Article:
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Grades Education

NEWS
January 20, 2000 | DOUG SMITH and LOUIS SAHAGUN, TIMES EDUCATION WRITERS
Senior Los Angeles school officials said they have further scaled back once ambitious plans to end social promotion this year by declaring that English will be the only subject considered, and only students with an F will be held back.
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CALIFORNIA | LOCAL
December 29, 1999 | DOUG SMITH, TIMES EDUCATION WRITER
Like neckties and hemlines, the school report card changes with the trends of the moment. Of late, the fashion has been toward soft-toned--some would say fluffy--grading as educators have emphasized self-esteem and low-pressure learning. But a new state policy requiring schools to flunk students who do not to meet academic standards is forcing districts to toughen their grading systems. The promotion policy will go into effect across the state next year.
CALIFORNIA | LOCAL
December 29, 1999 | DOUG SMITH, TIMES EDUCATION WRITER
Like neckties and hemlines, the school report card changes with the trends of the moment. Of late the fashion has been toward soft-toned--some would say fluffy--grading as educators emphasize self-esteem and low-pressure learning. But a new state policy requiring schools to flunk students who fail to meet academic standards is forcing districts to toughen up their grading systems. The promotion policy will go into effect across the state next year.
CALIFORNIA | LOCAL
December 12, 1999 | DOUG SMITH, TIMES EDUCATION WRITER
A new four-point grading system linking student evaluations to state standards is causing consternation among many Los Angeles elementary school teachers and parents who complain that it has been poorly implemented and makes excessive demands, especially on the youngest students. Teachers and parents seem generally positive about the overall goal of tying grades to the new state standards.
NEWS
December 4, 1999 | From Associated Press
It doesn't have a football team, ROTC military training or required grades. But now professors at notoriously liberal UC Santa Cruz are seeking to change that. At least the grades part. More than a third of the university's 588 faculty members pushed Friday for a vote on a policy change to require that all 11,000 students receive grades. Professors met and decided later in the day to postpone the vote so they could gather more input from students and staff.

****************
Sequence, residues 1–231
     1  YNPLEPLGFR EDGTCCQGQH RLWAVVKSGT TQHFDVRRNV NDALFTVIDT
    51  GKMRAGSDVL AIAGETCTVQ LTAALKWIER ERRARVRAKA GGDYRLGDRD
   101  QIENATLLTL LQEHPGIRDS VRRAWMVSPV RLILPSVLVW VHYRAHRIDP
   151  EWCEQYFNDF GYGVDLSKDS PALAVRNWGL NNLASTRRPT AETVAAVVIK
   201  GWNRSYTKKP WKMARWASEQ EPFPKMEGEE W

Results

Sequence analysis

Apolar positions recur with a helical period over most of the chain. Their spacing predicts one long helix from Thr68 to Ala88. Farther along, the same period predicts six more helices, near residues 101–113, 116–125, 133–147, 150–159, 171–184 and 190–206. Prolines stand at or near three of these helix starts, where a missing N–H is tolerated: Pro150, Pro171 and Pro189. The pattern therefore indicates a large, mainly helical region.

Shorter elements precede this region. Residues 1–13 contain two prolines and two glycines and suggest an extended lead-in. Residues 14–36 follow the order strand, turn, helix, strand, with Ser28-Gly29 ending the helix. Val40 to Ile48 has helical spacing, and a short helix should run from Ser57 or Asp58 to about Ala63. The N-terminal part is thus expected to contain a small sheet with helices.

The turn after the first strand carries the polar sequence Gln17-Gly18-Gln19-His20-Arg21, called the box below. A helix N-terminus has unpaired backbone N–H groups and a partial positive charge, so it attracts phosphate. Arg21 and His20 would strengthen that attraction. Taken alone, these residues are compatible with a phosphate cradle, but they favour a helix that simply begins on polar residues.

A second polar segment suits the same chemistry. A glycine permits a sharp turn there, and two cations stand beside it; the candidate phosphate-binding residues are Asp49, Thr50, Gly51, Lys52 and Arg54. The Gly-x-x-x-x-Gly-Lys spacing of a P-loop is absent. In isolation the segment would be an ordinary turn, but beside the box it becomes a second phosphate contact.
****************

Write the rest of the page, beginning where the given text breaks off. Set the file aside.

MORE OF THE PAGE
NEWS
December 1, 1999 | LOUIS SAHAGUN, TIMES EDUCATION WRITER
If the Los Angeles Unified School District were to completely stop promoting students who are not ready to move up a grade, roughly 50%--or about 350,000 students--would be held back, top district administrators said Tuesday. More than two-thirds of eighth-graders would be flunked if social promotions were fully ended, according to the administrators, who based their figures on a recent analysis by the district's staff, which examined standardized test results and trends in district grades.
CALIFORNIA | LOCAL
October 6, 1999 | ANNETTE KONDO, TIMES STAFF WRITER
The Los Angeles Unified School District is dropping A to F letter grades in favor of a 4 to 1 system for all elementary students, officials said Tuesday, calling the new system a more precise gauge of academic progress and an effort to more closely adhere to state standards. Under the new system, already in use at year-round schools and due to be expanded districtwide next month, a top score of 4 means a student "exceeds standards."
CALIFORNIA | LOCAL
October 6, 1999 | ANNETTE KONDO, TIMES STAFF WRITER
The Los Angeles Unified School District is dropping A-to-F letter grades in favor of a 4-to-1 rating system for all elementary students, officials said Tuesday, calling it a more precise gauge of academic progress and an effort to more closely adhere to state standards. Under the new system, already in use at year-round schools and due to be expanded districtwide next month, a top score of 4 means a student is "advanced, exceeds standards."
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